Sunday, June 19, 2011

Schloss Johannisberg Grünlack Riesling Spätlase 2007

So this is the second time I've drunk this in the last two months. The first was as part of a masterclass that included wines dating back to 1964. I recognised it's potential then, but considering the circumstances, I graded it more for it's potential than anything else. Masterclasses are awesome, and provide incredible opportunities to taste extraordinary wine. They are a perk of the trade. But they can somewhat undermine the pleasure in drinking wine. Tasting this was entirely about pleasure. It was wonderful.

Silver and green with gold highlights.

Nose is that crunchy bit of honey that collect on the corners of proper honeycomb. Lemon and lime pastels. Granite and flint. You have to concentrate to get it all though, because when something smells that good, you just want to say, 'fuck, that smells fucking good'.

Rich, decadent palate. Incredibly giving. That honey is so clean, so honeysuckle-like, with flower petals and it's so mouth-filling. There a classy, light, lipid quality that somehow runs along with that mouth-filling richness. The sherbet lemon and lime are there too, running on that bright, lively acidity. And underneath it all is rock, stony flint atop granite. Again, it tastes awesome. Seeking all these notes for it is simply distracting from just how awesome it is. So, you know, just drink it and enjoy.

***** (will remain 5 stars for at least three decades)

Tasted at Shorehead 16/6/2011

IMG 0395

Saturday, June 18, 2011

Conundrum 2009

This is apparently a blend of Cardonnay, Muscat, Sauvignon Blanc, Viognier. I'm not sure how much of each, mind, and it doesn't really matter too much. I get the impression that this is meant to stand outside its varietals as it were, to be something of its own, rather than pieces of something else. That's not meant to be as grand as it sounds - Twinkies, for example, exist as something other than the sum of their parts, which is for the best.

Quite a rich, Californian gold.

Mangoes and apricot soaked in lemons with hay. Fleshy nose. Rich.

Very much a 5-Alive or Lilt. This is not rocket science wine. It's fleshy, juicy, ripe and bright with peaches, mangoes, apricots, and lemon peel. There's toasty shortbread and a touch of hay. Ripe and bright, this is fun stuff. There's a crowd-pleasing hint of residual sugar. You could possibly drink this by the pint.

This is not an easy style of wine to make. It's also quite difficult to assess critically. It's utterly drinkable and yet in no way confected. It reminds me of something you'd find at a spectacular juice bar rather than something you'd find in a wine bar. I'm not sure how I feel about that. It's a lot of money (£25) for something so pleasing and, let's be honest, unchallenging. But at the same time, it's not easy to do, and it's a lot of fun to drink. And so I find Conundrum a bit of a - wait for it - conundrum.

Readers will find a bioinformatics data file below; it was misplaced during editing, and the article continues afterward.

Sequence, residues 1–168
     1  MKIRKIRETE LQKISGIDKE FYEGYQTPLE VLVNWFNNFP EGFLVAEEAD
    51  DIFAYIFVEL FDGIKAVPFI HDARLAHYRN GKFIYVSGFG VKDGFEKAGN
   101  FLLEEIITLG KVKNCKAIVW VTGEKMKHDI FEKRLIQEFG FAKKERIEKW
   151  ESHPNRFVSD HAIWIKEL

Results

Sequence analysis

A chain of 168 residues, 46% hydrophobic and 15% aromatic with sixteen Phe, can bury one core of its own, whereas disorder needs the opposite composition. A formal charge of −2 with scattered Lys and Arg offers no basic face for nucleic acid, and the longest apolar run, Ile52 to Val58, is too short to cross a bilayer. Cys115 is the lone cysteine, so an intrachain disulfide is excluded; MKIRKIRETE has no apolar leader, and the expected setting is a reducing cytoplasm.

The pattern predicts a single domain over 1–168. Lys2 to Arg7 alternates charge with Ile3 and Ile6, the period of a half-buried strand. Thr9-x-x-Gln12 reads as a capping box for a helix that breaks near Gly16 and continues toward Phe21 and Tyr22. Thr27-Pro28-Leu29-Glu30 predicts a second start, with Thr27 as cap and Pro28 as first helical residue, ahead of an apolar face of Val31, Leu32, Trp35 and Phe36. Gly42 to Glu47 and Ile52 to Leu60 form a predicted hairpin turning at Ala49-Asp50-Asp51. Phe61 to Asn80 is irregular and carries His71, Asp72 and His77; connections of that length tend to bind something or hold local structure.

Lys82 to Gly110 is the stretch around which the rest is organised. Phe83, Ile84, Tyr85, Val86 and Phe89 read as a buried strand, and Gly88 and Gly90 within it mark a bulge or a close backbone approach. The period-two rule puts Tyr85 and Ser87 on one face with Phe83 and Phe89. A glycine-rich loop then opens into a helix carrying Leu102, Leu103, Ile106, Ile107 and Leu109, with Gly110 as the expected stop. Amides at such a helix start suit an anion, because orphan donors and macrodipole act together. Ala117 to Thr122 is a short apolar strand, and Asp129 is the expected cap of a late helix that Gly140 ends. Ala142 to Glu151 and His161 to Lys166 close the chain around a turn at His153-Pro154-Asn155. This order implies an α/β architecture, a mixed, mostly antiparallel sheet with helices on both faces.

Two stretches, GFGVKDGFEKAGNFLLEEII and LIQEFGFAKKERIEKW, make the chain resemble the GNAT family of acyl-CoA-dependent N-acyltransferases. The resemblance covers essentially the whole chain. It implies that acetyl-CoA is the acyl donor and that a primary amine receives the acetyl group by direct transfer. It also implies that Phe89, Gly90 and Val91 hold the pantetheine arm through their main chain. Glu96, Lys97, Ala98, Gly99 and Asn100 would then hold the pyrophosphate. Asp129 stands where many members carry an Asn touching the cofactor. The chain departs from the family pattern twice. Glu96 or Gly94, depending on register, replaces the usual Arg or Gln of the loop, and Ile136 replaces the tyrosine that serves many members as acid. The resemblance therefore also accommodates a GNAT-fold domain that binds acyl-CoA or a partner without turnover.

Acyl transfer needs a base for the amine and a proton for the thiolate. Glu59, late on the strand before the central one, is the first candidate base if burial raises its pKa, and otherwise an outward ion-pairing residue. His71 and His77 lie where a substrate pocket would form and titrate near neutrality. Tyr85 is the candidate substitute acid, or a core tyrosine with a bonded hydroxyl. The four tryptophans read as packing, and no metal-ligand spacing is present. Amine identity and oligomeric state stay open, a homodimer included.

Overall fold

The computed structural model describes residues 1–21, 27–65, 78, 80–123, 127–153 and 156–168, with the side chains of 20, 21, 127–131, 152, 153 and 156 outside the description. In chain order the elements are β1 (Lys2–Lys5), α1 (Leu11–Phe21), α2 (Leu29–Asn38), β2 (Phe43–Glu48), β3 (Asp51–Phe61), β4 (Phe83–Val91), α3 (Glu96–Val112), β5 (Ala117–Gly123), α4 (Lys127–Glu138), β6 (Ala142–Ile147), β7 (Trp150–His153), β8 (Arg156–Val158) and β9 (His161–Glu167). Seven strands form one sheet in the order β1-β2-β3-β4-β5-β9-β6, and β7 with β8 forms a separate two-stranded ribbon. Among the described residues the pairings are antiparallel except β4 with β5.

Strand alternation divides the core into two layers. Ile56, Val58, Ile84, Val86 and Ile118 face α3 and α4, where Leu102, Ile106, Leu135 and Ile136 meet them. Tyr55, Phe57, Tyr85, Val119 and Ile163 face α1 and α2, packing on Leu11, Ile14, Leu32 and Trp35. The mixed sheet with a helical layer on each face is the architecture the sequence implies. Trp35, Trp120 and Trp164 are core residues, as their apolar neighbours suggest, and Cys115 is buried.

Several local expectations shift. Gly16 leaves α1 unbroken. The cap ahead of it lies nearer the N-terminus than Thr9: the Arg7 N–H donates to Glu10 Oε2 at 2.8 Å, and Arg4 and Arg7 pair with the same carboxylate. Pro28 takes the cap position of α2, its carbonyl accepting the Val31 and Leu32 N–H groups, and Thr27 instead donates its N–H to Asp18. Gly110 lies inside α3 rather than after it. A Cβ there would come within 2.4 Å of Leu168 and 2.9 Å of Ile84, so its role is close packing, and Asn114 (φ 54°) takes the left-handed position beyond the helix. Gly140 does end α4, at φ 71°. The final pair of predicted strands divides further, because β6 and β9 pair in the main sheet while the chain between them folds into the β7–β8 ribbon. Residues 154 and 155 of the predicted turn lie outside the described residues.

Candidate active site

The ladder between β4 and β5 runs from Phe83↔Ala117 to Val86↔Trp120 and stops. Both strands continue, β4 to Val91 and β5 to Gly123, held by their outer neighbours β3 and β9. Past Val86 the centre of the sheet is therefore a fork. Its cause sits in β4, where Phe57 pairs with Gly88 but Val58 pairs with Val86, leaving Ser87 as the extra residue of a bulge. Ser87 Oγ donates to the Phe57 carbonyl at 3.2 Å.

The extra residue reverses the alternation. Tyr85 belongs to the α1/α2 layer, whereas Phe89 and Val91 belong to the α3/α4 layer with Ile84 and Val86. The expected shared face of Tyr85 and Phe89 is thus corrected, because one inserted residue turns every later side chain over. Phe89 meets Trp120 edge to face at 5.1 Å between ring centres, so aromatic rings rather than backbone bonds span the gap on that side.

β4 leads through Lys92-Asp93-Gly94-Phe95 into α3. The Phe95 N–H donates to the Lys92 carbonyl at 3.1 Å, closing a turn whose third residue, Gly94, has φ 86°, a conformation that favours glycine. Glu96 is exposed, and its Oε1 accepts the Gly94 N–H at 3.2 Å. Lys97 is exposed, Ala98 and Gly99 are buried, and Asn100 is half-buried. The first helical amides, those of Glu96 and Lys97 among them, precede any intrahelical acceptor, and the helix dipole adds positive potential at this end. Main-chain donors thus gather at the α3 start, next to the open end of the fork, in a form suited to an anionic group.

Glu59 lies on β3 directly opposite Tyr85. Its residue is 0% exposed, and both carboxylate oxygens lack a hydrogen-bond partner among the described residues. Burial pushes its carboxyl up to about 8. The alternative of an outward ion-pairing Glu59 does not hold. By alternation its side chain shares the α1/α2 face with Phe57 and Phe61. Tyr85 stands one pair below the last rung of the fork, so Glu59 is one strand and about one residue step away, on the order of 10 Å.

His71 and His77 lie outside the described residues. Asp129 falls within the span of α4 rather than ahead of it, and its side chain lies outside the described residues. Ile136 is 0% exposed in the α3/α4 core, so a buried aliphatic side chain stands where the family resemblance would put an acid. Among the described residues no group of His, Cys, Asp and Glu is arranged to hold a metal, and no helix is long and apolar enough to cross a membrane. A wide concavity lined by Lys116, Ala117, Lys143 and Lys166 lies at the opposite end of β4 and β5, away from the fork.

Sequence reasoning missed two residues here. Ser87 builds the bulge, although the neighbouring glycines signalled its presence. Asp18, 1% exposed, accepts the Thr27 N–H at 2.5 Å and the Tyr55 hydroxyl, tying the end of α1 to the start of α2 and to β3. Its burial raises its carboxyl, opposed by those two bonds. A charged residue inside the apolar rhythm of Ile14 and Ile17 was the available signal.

Tasted 15/6/2011

Thursday, June 16, 2011

Bandol Tasting

Bandol is one of those regions where my fondness is not reflected in my frequency of consumption. I don't drink it often enough.

Domaine Tempier Bandol 2008

Ruby with violet highlights. Dark but still translucent in the light.

Briary, spicy and herbal on the nose. Smells of the Garrigue if that makes any sense. Peppered salami appears with a bit of coaxing.

Wow, that's like getting punched in the face with a bunch of dirty blueberries. In a nice way. Earthy, wild blueberry and cherry fruit with fistfuls of violets and rosemary, seemingly stuck together with elegant tar. This is big, rustic and right at the end there's a burst of juiciness. More forward than I remember it.


Domaine Tempier Bandol 'La Migoua' 2008

Darker, but still ruby and violet - the core is nearly impenetrable.

More fruit-forward on the nose - plums, cherries and blueberries, and then there's more meatiness. The herbal notes take more time to come through.

The fruit is softer here, more plummy and surprisingly forward compared the the basic Bandol. There also seems a touch less structure. It's more full in the mouth, which is saying something, but the tar-y, sinewy grip is somewhat less so. That said, there's a cool stoniness that comes through on the finish, bracing and dry, that suggests there's probably more to come.


Tasted 31/5/2011


Wednesday, June 15, 2011

Veuve Clicquot Le Grande Dame 1979

I've never really been grabbed by this wine. I tend to prefer Veuve's standard vintage releases.

Quite brassy. Not Amber yet though.

Nose is more amontillado than oloroso. Pickled walnuts and almonds. Grilled limes.

Tired, but pleasant. Old wood and leather. Not too dried out though and with a bit of life left. Charming. Rich and toasty with pleasing nuttiness.


Tasted 29/5/2011 at Naughton

Tuesday, June 14, 2011

Krug 1996

While not wanting to advocate irresponsible drinking, I should probably say that I'm a big fan of drinking Champagne hungover. Not that I'm a fan of being hungover, or even drinking heavily on back-to-back days. But if that is going to be the case, if events have unfolded in such a manner that my life choices lead me to having a glass the day after, let's hope that glass is bubbly.

Proper gold. Rich and bright.

Rich, fresh melted butter and honey with roasted apples and toast. Lots of toast. Intense. Touch of gruyere cheese, touch of roast orange.

Powerful stuff. Rich and intense roasted oranges smeared on buttered toast. Layered and textured and deep. Gripping, dry and moreish. That fruit is intensely ripe and rounded. Lemons, limes and oranges go from ripe to to roasted to confit as it goes through from the start to the finish. It's very long on the finish. Tis is far better than the last time I had it. Delicious.


Tasted 29/5/2011 at Naughton

Monday, June 13, 2011

Gruaud Vertical at Naughton